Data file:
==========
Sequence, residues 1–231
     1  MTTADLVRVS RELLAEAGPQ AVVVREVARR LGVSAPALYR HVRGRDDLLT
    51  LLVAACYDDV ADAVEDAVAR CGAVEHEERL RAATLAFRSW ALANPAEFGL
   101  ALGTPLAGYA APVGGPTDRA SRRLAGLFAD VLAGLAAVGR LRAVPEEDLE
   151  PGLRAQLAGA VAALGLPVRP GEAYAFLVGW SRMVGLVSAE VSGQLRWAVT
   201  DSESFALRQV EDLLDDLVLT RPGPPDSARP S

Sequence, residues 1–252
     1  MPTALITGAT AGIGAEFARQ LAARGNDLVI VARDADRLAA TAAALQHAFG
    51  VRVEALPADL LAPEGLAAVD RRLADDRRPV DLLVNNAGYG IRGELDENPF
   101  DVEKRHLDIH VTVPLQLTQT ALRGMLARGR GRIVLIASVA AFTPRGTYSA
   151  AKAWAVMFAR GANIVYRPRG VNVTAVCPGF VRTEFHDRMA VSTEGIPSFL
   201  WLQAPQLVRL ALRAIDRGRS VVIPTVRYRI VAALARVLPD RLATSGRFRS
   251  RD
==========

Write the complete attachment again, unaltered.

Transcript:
Sequence, residues 1–231
     1  MTTADLVRVS RELLAEAGPQ AVVVREVARR LGVSAPALYR HVRGRDDLLT
    51  LLVAACYDDV ADAVEDAVAR CGAVEHEERL RAATLAFRSW ALANPAEFGL
   101  ALGTPLAGYA APVGGPTDRA SRRLAGLFAD VLAGLAAVGR LRAVPEEDLE
   151  PGLRAQLAGA VAALGLPVRP GEAYAFLVGW SRMVGLVSAE VSGQLRWAVT
   201  DSESFALRQV EDLLDDLVLT RPGPPDSARP S

Sequence, residues 1–252
     1  MPTALITGAT AGIGAEFARQ LAARGNDLVI VARDADRLAA TAAALQHAFG
    51  VRVEALPADL LAPEGLAAVD RRLADDRRPV DLLVNNAGYG IRGELDENPF
   101  DVEKRHLDIH VTVPLQLTQT ALRGMLARGR GRIVLIASVA AFTPRGTYSA
   151  AKAWAVMFAR GANIVYRPRG VNVTAVCPGF VRTEFHDRMA VSTEGIPSFL
   201  WLQAPQLVRL ALRAIDRGRS VVIPTVRYRI VAALARVLPD RLATSGRFRS
   251  RD